Friday, October 18, 2019
Holly George Warren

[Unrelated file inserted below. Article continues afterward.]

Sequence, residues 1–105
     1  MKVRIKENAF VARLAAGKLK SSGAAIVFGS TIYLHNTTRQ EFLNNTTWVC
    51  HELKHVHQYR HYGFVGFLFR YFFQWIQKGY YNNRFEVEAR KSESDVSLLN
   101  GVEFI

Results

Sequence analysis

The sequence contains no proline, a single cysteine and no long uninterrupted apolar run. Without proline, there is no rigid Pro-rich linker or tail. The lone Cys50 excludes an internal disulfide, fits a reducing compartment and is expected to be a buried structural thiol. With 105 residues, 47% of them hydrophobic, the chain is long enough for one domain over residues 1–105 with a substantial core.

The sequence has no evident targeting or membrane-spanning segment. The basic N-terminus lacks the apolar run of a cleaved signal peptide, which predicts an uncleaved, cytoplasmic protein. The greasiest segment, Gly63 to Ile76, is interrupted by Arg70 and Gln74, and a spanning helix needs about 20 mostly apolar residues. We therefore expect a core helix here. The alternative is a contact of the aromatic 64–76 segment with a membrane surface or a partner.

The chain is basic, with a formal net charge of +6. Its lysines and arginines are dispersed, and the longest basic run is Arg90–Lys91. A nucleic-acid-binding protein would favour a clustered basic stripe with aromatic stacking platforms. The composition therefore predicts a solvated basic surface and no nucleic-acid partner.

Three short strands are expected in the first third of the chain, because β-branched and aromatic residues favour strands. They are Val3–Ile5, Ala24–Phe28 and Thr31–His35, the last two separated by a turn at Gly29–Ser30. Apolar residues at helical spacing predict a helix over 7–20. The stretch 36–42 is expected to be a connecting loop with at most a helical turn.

Listen to "Steve Gorman Releases New Trigger Hippy Album And Hard To Handle Book" on Spreaker. Janis Joplin has passed into legend as a brash, impassioned soul doomed by the pain that produced one of the most extraordinary voices in rock history. Holly George-Warren’s definitive new biography, JANIS: Her Life and Music (Simon & Schuster; October 22, 2019; $28.99) sheds a new light on the iconic musician we thought we knew. It is a breathtaking and invigorating depiction of a woman who struggled against gender norms and drug addiction, yet whose unrivaled talent came to symbolize an entire era. Janis Joplin’s success was no accident. From an early age, her parents doted on her and promoted her early talent for art. While growing up in a conservative Texas oil town, Janis fell hard for music. Her first transgressive act was to be a white girl with an early passion for the blues. She stood out, and in a time when simply pursuing her talents was an act of defiance, Janis knew she was too big for her small town. She found her niche in California, one that didn’t ask her to be a wife and homemaker, or to use a man to get her foothold in life. But with every opportunity came dark struggles. A shy girl with an immense talent, Janis’ world began to reflect the stress of that dichotomy, and she often turned to drugs and alcohol to keep it all together. She teetered between the powerful woman you hear in her songs and the girl who just wanted to feel safe and accepted. Janis made a name for herself as rule-breaking rock’n’roll trailblazer and as an icon of the countercultural movement. She pushed every boundary as a woman in a man’s industry, never compromising her talents or her desires. She worked incredibly hard, and while history may remember her as a woman whose demons outran her, Janis persisted against every limitation, and that is how this biography demands we remember her. Written by one of the most highly regarded chroniclers of American music history, and based on unprecedented access to Janis Joplin’s family, friends, band mates, archives, and long-lost interviews, this is a complex, rewarding portrait of a remarkable artist finally getting her due.